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The Municipal Fundamentals course was held in Coos Bay on Thursday, put on by the League of Oregon Cities.

COOS BAY — City officials from across the state attended a training in Coos Bay through the League of Oregon Cities on Thursday.

Thirty-four officials attended the Municipal Fundamentals course, focused on training elected officials, city officials and committee members the basics of working for an Oregon city. This was the first time the course was offered in Coos Bay in a number of years, brought here by League of Oregon City board member and Coos Bay City Councilor Drew Farmer.

League of Oregon Cities board member and Coos Bay City Councilman Drew Farmer opened the Municipal Fundamentals course.

“This course covers the roles and responsibilities officials have, covers the Oregon ethics law, public records law and public meetings law,” said Patty Mulvihill, general counsel for the LOC. “When we set these trainings up, we identify where we haven’t been in the past and where we have board members so we can have board participation.”

Farmer opened the training inside the council chambers at Coos Bay City Hall, though it was Mulvihill who led the course.

“It’s important for everybody,” she said. “In terms of the Oregon Government Ethics Law, there are a bunch of requirements for everyone who volunteers to represent or be part of a city as far as what kind of gifts they can accept from people, what conflict of interest is and what mistakes are accidental. If they take this class, they can avoid those accidental mistakes.”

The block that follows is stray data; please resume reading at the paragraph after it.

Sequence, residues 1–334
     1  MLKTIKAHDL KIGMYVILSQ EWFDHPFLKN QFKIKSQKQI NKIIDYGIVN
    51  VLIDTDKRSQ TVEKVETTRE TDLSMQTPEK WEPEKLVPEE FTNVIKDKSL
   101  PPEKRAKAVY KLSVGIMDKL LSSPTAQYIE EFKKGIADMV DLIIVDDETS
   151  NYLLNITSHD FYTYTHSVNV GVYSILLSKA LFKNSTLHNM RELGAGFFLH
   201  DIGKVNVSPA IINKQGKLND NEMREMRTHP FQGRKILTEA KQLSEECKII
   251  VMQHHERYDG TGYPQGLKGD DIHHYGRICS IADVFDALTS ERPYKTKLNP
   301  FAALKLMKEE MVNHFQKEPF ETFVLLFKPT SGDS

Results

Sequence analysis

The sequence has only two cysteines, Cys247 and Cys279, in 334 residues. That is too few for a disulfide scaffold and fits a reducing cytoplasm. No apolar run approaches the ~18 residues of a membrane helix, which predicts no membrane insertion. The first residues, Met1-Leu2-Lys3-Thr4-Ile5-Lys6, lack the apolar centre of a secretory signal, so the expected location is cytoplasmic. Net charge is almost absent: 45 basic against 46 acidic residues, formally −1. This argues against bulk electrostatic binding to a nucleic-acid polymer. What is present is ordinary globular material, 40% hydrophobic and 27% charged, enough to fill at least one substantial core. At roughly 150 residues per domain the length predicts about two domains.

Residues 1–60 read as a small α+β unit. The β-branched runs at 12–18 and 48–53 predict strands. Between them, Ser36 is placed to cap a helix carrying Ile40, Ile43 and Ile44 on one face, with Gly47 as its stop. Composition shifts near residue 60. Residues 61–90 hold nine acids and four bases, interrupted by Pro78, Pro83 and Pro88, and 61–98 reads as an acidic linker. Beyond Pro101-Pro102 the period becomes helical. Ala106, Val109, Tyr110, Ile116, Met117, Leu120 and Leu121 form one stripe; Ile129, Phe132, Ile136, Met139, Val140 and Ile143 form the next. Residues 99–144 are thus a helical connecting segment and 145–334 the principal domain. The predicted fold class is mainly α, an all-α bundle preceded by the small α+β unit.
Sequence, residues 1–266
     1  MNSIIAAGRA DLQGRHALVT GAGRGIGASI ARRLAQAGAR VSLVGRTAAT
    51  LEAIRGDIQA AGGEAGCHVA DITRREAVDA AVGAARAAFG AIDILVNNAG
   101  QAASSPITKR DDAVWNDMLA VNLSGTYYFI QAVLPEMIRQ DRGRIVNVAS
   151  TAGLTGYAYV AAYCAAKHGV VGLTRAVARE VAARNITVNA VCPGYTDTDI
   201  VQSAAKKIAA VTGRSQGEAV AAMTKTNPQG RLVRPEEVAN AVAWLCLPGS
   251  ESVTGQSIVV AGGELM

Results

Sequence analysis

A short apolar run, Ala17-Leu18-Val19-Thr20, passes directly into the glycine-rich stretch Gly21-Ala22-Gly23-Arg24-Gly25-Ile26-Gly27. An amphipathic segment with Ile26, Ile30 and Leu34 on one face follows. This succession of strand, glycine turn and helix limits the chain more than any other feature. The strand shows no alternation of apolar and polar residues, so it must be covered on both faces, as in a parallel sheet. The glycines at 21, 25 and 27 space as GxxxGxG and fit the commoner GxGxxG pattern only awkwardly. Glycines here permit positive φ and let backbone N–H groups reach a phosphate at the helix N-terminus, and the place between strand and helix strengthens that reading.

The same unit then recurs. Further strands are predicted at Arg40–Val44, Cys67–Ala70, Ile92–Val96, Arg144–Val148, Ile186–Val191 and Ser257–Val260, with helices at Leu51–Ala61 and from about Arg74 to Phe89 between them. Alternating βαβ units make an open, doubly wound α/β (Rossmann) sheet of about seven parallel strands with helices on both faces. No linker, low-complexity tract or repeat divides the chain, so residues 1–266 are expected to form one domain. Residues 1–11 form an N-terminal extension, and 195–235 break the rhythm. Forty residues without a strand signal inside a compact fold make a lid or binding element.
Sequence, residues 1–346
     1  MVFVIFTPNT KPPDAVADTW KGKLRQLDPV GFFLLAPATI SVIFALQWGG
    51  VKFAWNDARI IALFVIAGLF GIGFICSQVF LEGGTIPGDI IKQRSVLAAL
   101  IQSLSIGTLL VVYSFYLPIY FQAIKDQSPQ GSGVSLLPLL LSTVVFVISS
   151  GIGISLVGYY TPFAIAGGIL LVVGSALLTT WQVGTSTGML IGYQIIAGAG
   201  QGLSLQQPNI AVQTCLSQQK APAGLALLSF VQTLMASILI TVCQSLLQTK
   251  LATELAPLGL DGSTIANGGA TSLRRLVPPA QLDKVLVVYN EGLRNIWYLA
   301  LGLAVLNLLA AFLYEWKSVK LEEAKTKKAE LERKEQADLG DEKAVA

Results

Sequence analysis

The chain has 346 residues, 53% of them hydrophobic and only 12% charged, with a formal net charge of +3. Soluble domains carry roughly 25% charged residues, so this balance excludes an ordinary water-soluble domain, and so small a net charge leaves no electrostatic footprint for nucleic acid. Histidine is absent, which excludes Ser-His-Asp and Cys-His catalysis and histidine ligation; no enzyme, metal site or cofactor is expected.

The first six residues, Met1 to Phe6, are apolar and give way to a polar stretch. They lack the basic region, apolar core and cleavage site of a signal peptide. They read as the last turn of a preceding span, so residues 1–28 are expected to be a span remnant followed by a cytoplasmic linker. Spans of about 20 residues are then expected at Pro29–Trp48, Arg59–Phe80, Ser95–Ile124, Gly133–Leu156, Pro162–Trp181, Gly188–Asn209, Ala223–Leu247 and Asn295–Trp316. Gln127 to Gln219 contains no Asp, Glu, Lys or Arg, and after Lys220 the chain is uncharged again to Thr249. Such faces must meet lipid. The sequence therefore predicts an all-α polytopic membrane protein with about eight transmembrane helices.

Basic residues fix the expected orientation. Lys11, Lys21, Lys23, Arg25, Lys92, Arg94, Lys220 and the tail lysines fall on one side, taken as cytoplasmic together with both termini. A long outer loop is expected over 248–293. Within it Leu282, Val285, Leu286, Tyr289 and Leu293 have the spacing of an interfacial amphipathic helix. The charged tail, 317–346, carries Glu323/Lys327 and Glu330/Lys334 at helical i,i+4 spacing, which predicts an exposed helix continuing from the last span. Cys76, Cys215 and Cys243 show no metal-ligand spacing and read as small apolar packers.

Mulvihill added that the public records and public meetings part of the course is necessary for participants because, “if you’re any kind of public official, you will be doing both.” This means any note taken is the creation of a public record, “which means they need to know what to do with it.”

The Municipal Fundamentals course is offered in odd years for $25, while a larger version known as the Elected Essentials course is given for free on even years.

“Elected Essentials covers the same concepts but also has a session with the city and county insurance to limit risk exposure,” Mulvihill said. “It also has workshops with councilors and mayors where people are worked through scenarios.”

The Elected Essentials course is also scheduled after elections when there is large turnover in representatives.

“This is our favorite thing, which is to work with our members and educate our members,” Mulvihill said.

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Reporter Jillian Ward can be reached at 541-269-1222, ext. 235, or by email at jillian.ward@theworldlink.com. Follow her on Twitter: @JE_Wardwriter.

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